« West Virginia Legislature Reaches Deal to End Strike, Deliver Pay Raise to Teachers | Main | Will Teachers' Strikes Happen More Often in a Post-Janus World? »

Survey Shows Support for an Oklahoma Teacher Strike

Nearly 80 percent of respondents of an online survey by the Oklahoma Education Association said they would support shutting down schools to force the legislature to approve a pay increase. The survey results were published Monday on the OEA's website.

Momentum for a strike has been building recently in Oklahoma as teachers have had their hopes for a pay bump dashed time and again. This survey shows that teachers have the will to follow in the footsteps of their striking counterparts in West Virginia, who today have reached an agreement with lawmakers on a pay raise. West Virginia teachers have been on strike since Feb. 22.

The 10,841 survey respondents were made up of OEA members, nonmember education employees, parents, retirees, community members and students. The survey was sent directly to members "a couple of times," according to Doug Folks, a spokesman for the OEA. Others accessed the survey online. Of the 5,602 OEA respondents, 81 percent supported a walkout.  And of the 934 parents who completed the survey, 76 percent supported a strike. See the full breakdown in the charts below.

surveychart1.jpgOverall, 57 percent of survey completers said they thought the community would support a walkout, and 34 percent were unsure.

surveychart2final.jpgOn the possibility of losing their jobs over the strike, 41 percent of all OEA members and nonmember education employees together are not concerned. 

surveychart3.jpgThe survey results are not a surprise considering that Oklahoma teachers are among the lowest paid in the country. Educators, including the state's 2016 Teacher of the Year, are fleeing to neighboring states like Texas, where teachers can command higher pay. One teacher, Teresa Danks, resorted to panhandling for school supplies (in part to raise awareness on Facebook). She recently started a walkout petition on change.org that has so far garnered more than 26,000 signatures.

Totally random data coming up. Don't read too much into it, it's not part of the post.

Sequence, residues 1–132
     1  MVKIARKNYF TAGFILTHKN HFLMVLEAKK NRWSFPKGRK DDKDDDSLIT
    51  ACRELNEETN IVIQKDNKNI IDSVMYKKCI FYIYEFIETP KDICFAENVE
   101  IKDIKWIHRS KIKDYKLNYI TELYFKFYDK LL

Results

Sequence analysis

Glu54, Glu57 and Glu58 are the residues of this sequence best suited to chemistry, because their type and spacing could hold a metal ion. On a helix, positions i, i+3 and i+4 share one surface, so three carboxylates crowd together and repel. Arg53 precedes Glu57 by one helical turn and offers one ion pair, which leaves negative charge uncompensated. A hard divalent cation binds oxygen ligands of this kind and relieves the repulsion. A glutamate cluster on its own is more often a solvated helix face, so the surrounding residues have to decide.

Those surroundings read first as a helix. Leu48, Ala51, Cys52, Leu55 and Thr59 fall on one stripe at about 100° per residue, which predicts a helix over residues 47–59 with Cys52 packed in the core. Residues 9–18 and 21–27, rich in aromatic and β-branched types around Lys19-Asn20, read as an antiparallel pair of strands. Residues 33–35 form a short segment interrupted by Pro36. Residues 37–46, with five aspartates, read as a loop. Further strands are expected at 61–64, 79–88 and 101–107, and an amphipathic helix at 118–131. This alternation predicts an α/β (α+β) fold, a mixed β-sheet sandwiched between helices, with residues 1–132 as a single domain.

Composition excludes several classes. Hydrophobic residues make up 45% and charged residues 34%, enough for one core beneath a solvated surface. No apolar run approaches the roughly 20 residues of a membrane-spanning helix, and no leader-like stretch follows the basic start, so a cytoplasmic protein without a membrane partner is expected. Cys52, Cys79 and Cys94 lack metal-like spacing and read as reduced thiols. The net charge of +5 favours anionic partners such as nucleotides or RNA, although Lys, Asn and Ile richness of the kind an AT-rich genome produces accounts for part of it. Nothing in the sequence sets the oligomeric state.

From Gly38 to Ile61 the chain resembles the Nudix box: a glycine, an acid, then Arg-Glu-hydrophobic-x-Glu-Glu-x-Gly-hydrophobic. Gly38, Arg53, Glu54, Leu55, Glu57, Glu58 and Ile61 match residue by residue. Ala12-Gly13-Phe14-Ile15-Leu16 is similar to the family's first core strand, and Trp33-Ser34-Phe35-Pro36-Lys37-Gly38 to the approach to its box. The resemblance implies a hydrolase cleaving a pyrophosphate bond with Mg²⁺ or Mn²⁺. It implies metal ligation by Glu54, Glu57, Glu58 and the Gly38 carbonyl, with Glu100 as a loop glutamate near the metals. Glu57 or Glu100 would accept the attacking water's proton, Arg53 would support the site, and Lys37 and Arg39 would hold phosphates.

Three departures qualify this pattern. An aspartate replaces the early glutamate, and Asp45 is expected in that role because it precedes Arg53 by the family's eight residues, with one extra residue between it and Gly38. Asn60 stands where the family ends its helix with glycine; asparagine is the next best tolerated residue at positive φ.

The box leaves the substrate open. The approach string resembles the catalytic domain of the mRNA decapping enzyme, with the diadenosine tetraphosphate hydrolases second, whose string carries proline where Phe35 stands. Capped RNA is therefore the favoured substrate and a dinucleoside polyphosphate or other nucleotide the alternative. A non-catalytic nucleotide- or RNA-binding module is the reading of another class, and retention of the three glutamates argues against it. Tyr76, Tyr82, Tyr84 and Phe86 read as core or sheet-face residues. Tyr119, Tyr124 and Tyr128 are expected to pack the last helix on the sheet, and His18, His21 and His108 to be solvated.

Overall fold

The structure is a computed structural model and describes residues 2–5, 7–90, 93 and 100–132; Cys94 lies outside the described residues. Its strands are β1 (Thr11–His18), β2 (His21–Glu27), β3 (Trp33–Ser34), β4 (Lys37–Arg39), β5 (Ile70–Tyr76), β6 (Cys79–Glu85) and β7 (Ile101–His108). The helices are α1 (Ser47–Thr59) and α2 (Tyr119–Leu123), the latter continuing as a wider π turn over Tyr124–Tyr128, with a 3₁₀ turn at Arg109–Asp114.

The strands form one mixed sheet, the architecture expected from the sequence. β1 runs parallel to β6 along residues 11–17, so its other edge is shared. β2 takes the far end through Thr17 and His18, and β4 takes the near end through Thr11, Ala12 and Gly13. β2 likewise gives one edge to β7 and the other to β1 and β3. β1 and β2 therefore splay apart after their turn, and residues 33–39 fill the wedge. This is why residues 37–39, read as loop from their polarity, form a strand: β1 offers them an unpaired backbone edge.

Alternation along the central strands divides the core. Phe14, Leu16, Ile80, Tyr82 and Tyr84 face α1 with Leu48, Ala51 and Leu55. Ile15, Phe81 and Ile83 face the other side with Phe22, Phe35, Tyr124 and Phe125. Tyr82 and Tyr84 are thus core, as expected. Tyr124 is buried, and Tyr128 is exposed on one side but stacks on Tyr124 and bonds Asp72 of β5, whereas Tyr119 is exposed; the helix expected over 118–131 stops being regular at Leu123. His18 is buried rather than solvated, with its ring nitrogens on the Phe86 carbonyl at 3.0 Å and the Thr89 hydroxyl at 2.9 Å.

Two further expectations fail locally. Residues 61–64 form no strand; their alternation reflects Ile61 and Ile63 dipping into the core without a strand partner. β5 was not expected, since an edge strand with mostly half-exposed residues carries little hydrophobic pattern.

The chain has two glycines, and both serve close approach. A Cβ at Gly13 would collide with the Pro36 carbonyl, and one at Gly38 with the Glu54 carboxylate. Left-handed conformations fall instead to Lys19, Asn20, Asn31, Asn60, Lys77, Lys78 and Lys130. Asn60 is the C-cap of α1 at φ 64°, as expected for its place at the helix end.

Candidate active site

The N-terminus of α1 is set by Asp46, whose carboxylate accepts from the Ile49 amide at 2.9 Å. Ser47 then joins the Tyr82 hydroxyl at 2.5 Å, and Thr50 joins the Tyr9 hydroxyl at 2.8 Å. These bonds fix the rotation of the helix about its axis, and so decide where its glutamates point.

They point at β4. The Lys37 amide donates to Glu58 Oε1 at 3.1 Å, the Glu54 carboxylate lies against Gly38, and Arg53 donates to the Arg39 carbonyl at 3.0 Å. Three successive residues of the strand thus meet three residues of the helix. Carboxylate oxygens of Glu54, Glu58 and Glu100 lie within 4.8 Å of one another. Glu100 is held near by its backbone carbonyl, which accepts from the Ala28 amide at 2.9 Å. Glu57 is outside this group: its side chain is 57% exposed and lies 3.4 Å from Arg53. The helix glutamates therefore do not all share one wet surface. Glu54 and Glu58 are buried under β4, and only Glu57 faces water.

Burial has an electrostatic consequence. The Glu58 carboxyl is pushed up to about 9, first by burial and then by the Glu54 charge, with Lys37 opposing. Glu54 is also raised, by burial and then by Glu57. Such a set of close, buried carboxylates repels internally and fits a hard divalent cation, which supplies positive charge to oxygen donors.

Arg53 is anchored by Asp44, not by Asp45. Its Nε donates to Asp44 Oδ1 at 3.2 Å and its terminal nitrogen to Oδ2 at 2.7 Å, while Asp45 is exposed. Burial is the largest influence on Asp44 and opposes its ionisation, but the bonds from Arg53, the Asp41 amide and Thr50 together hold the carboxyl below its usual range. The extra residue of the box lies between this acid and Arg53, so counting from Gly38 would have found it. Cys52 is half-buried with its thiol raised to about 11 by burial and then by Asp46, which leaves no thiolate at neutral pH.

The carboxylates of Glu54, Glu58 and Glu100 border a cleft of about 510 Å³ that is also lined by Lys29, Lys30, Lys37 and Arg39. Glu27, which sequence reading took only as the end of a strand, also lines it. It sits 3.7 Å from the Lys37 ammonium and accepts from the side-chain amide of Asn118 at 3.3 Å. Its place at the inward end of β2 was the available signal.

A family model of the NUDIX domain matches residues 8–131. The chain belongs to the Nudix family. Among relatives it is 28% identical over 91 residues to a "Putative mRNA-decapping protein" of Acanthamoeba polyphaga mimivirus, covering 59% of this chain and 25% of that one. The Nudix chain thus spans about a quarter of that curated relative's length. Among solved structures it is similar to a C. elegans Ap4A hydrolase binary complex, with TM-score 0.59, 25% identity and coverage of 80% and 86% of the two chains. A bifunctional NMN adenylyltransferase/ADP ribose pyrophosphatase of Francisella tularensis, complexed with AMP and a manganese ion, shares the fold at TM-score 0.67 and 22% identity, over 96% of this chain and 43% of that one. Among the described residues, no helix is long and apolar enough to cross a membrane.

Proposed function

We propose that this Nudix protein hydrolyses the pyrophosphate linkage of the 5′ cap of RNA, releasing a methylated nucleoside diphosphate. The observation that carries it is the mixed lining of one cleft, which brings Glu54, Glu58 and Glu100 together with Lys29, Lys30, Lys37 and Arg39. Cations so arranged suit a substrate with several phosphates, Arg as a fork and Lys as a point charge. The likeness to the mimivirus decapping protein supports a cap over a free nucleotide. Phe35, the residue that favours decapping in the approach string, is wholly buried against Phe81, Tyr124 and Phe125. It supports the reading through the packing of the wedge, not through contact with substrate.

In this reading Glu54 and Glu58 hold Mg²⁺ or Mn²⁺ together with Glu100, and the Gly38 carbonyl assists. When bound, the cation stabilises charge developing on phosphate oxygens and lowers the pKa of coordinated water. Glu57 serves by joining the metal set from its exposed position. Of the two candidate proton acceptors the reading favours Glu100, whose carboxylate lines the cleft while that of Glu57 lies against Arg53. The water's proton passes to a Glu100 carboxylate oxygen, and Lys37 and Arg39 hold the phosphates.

Among Oklahoma teachers' many disappointments was the defeat in February of the Step Up Oklahoma plan, which would have raised enough money to give teachers a $5,000 annual pay raise by imposing additional taxes on cigarettes, diesel fuel, and wind energy. In November 2016, Oklahoma voters defeated a ballot initiative that would have given most teachers $5,000 pay bumps. Those raises were going to be funded with a new 1 percent state sales tax.

Now Oklahoma teachers are pinning their hopes on a strike. On Thursday, March 8, Oklahoma Education Association will announce details about a new plan for raising revenue to support a pay raise along with a strategy for closing schools in the meantime.

In 2017, OEA members adopted a legislative plan for the 2018 session called "Together We're Stronger." The plan would have given a $10,000 pay raise to Oklahoma teachers over three years, a 5 percent cost-of-living increase for retirees, and increased funding for education to account for a 4 percent growth in enrollment. 

But the legislature failed to advance any bills containing even parts of the "Together We're Stronger" plan, the OEA said in a statement. That's despite thousands of emails and phone calls, days of action at the capitol, and community forums across the state.

Lawmakers' inaction "has lead to this crucial grassroots movement of educators to take drastic efforts to save public education and ensure students receive a quality education that prepares them for the future," said OEA president Alicia Priest in a statement.

See also:

Notice: We recently upgraded our comments. (Learn more here.) If you are logged in as a subscriber or registered user and already have a Display Name on edweek.org, you can post comments. If you do not already have a Display Name, please create one here.
Ground Rules for Posting
We encourage lively debate, but please be respectful of others. Profanity and personal attacks are prohibited. By commenting, you are agreeing to abide by our user agreement.
All comments are public.


Most Viewed on Education Week



Recent Comments